B.S. in Game Design: Requirements

Bachelor of Science in Game Design

Required Courses

In addition to the CASE Credit Hour and Residency Requirements, students must complete the following requirements:

  1. Foundations
    1. CASE English Composition
    2. Mathematical Modeling
  2. CASE Foreign Language
    • Proficiency in a single foreign language at or above the first semester of the second year of college-level coursework.
  3. CASE Intensive Writing
  4. CASE Breadth of Inquiry
    1. Arts and Humanities: four courses
    2. Social and Historical Studies: four courses
    3. Natural and Mathematical Sciences: four courses
  5. CASE Critical Approaches
  6. CASE Public Oral Communication
  7. CASE Culture Studies
    1. Diversity in the United States
    2. Global Civilizations and Culture

Major Requirements

Students pursuing the B.S. in Game Design must complete at least 57 credit hours for the major component of the degree, including the following requirements:

1. The Media School Core (12 cr.)

MSCH-C 101 Media

(3 cr.) CASE S&H

An introductory course that stakes out the large theoretical, ethical and practical concerns that drive teaching and research in The Media School. Examines the role media play in our lives-at work, at school, among family members, friends, and lovers-and analyzes pressing issues in media and society today, such as privacy, globalization, and convergence.

Three courses from the Media Core—Concept Clusters (9 cr.)**

One course in Managing Media (can be fulfilled by completing MSCH-C 200 The Videogame Industry: Systems and Management).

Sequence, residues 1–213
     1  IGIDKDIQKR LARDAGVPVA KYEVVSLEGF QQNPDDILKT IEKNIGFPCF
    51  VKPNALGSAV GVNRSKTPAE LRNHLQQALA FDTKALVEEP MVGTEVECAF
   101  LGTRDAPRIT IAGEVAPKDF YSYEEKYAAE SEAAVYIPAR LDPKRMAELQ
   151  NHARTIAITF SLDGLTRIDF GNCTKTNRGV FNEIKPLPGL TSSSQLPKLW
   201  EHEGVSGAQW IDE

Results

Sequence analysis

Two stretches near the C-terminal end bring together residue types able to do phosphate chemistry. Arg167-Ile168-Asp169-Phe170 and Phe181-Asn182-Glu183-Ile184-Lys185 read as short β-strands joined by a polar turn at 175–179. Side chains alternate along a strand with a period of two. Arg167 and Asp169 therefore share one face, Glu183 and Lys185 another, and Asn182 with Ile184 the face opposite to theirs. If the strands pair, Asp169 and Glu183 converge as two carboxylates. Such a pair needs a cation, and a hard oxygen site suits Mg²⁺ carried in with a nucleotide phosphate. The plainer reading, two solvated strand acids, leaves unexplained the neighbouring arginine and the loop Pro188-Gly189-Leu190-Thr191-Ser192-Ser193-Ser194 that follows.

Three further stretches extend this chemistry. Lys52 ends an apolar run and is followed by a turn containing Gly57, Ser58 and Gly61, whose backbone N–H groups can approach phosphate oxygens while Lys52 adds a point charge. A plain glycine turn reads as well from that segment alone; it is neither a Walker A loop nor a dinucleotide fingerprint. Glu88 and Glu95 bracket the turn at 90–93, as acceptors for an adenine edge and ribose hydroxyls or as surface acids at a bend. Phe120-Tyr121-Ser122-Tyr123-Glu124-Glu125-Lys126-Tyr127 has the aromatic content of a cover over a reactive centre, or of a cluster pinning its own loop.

One course in Thinking Media (can be fulfilled by MSCH-C 210 Introduction to Games), and

One course in Making Media.

Six hours of the Media Core will be satisfied with Games Foundation Courses MSCH-C 200 The Videogame Industry and MSCH-C 210 Introduction to Games.

2. B.S. Game Design Foundations. Complete the following:

MSCH-C 210 Introduction to Games (3 cr.)

(3 cr.)

Introduces the idea of games systems by breaking down games into their different components to build a deep game literacy. Students will learn how to learn a new game quickly; teach complex games to others; recognize and excel at the many different games played in everyday life. Where most courses have readings, this course has “gamings,” required games for students to play and learn. Credit given for only one of MSCH-C 210 or TEL-T 366.

And one of the following courses:

INFO-I 210 Information Infrastructure I

(4 cr.)

P: INFO-I 201. The software architecture of information systems. Basic concepts of systems and applications programming.

MSCH-C220 Game Technology

(3 cr.)

Provides a survey of current technologies for creating games. These tools are also appropriate for projects in virtual and augmented reality and interactive journalism. Students acquire competency in several game engines demonstrated by the creation of several digital game prototypes using recently released tools.

3. Game Design Developmental Skills courses (9 cr.). Complete the following:

MSCH-G 300 Game Production I

(3 cr.)

P: ILS-Z 399 or INFO-I 210 with a grade of C- or higher. Students will learn how to make digital game prototypes gaining hands-on experience while working in teams and using game engines such as Unity and Unreal. Students will develop sound teamwork practices such as appropriate and timely communication, version control, and leadership; employ production methods such as agile and waterfall; and develop essential playtesting methods. Credit given for only one of MSCH-G 300 or TEL-T 361.

MSCH-G 310 Game Design I: Concepts